In media(s) res

In medias res (‘in the middle of things’) is a narrative technique in which events are presented as already going on, with the lead-up to those events told later using flashback or other devices. The media coverage of the completion of the Dictionary and our centenary has certainly put us in the middle of things as we prepare to celebrate the publication of our final fascicule in this our centenary year.

Some of the team with the finished Dictionary

Dr. Giuseppe Pezzini (l), Dr. Carolinne White (c), and Dr. Richard Ashdowne (r) with the finished Dictionary

A report in The Times today has been followed up by coverage in both local and other national news, including BBC Radio Oxford, the BBC News website, and the Guardian newspaper. There is still the possibility of more to come. Keep an eye on our ‘In the media’ page for the latest coverage.

Each story has taken a slightly different angle, but together they show the significance of this accomplishment, which has been (to put it in the time-honoured words of a former editor) the work of many hands over many years. Some have picked up on the volunteers who contributed the original slips in the project’s early days, but their gargantuan efforts in producing hundreds of thousands of quotation slips would have been to no avail had there not been the painstaking work of the 17 assistant editors and editors and the numerous editorial assistants over the 46 years that the Dictionary has been in drafting, and chief among them, David Howlett, whose decades of service as Editor (1979 to 2011) saw the production of the largest part of the now-finished text.

The events planned for this week afford us an opportunity not just for a flashback but a more reflective look back at all who have contributed to the enterprise over the years and to recognize those contributions, whether financial (from the AHRC and PHI), administrative (from Oxford University, the British Academy committees and their chairmen, etc.), or academic (from slip-takers, librarians, archivists, readers, and the editorial team), and this we look forward to doing.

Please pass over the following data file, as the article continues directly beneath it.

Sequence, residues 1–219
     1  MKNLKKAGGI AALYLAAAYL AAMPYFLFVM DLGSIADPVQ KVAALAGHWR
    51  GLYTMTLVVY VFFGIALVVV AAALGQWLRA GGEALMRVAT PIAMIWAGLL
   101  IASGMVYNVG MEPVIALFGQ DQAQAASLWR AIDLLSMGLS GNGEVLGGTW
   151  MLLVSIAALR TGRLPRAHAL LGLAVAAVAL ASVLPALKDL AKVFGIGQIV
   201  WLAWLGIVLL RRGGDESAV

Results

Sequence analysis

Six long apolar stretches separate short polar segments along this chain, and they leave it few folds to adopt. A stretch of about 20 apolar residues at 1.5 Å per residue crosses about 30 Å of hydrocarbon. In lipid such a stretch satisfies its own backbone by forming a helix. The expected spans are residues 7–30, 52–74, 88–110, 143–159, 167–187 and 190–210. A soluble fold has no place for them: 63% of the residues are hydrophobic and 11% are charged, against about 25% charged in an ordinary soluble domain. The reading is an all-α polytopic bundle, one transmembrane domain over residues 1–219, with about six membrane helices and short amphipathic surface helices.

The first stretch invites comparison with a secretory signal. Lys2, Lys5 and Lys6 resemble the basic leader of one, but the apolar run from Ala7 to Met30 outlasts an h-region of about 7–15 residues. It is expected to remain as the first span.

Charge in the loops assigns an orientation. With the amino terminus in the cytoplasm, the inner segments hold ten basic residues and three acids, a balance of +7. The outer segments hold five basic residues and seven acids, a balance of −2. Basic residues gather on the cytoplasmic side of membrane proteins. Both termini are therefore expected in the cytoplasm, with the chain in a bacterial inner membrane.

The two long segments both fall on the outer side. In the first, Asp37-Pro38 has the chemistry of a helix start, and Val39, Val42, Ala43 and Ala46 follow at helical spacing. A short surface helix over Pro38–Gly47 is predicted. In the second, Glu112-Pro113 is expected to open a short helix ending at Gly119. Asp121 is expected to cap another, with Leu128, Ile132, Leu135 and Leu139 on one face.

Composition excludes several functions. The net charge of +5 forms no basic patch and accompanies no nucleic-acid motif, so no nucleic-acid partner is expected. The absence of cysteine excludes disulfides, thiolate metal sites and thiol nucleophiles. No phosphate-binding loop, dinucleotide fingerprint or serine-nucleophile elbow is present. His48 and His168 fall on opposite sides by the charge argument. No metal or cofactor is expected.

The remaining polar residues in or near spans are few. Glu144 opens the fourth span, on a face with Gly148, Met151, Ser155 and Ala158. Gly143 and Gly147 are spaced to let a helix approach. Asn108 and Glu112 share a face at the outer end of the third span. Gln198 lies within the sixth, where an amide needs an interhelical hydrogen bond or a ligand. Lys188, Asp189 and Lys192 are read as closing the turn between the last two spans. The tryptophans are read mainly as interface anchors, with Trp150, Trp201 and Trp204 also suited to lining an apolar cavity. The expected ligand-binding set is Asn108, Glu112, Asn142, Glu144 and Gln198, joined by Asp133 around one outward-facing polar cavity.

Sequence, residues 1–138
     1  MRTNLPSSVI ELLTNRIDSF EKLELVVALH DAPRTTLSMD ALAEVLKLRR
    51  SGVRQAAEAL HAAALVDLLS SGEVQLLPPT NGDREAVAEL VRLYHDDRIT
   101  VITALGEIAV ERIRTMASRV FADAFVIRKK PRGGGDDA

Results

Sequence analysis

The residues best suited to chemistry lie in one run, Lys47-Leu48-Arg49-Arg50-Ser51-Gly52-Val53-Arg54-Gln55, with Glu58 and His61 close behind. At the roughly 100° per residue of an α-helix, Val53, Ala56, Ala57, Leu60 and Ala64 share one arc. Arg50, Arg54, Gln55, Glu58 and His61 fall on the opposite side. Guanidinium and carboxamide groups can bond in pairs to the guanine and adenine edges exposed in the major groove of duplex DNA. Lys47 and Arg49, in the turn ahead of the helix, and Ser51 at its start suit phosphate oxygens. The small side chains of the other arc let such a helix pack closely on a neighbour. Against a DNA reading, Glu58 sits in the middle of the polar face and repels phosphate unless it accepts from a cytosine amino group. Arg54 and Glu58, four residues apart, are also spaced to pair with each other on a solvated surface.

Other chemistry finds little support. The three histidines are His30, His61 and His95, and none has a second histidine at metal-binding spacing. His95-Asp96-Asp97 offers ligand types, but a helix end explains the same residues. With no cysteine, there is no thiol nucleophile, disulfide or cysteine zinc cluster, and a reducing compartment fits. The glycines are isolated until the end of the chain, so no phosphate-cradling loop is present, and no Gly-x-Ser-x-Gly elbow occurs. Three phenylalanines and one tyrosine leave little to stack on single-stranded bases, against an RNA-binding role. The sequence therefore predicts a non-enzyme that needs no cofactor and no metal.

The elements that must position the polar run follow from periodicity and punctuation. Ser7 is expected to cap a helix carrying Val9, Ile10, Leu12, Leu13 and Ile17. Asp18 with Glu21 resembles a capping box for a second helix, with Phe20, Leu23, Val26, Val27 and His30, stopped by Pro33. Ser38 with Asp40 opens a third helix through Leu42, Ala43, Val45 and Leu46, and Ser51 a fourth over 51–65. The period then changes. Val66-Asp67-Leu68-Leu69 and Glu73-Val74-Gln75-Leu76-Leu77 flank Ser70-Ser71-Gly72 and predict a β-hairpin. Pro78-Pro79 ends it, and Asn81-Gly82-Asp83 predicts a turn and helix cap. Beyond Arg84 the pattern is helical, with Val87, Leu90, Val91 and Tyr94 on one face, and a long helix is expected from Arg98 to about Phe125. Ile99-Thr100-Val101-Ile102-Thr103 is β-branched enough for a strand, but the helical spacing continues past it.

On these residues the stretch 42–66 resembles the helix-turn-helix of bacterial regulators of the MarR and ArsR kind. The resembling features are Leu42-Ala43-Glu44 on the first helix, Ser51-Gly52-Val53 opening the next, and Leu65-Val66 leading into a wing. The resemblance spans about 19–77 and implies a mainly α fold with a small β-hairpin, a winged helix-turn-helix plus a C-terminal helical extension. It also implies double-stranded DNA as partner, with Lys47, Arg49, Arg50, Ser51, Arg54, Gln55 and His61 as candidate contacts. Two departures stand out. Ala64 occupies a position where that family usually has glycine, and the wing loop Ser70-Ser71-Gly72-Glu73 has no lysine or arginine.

In other news, final preparations are under way for those (sold-out) events later this week, when we look forward to welcoming friends, colleagues, and many others interested in our work, including members of many of the teams who are working or have worked on our sister projects around Europe. We hope to report on these events here as they happen.

The display about the Dictionary in the Proscholium of the Bodleian Library in Oxford is in the course of being installed and will be fully ready for viewing from Wednesday. We are currently working on an online version of the display which will provide more information about many of the exhibits than we have been able to include in the display and will be available to viewers around the world. The physical display will remain in place until early February.

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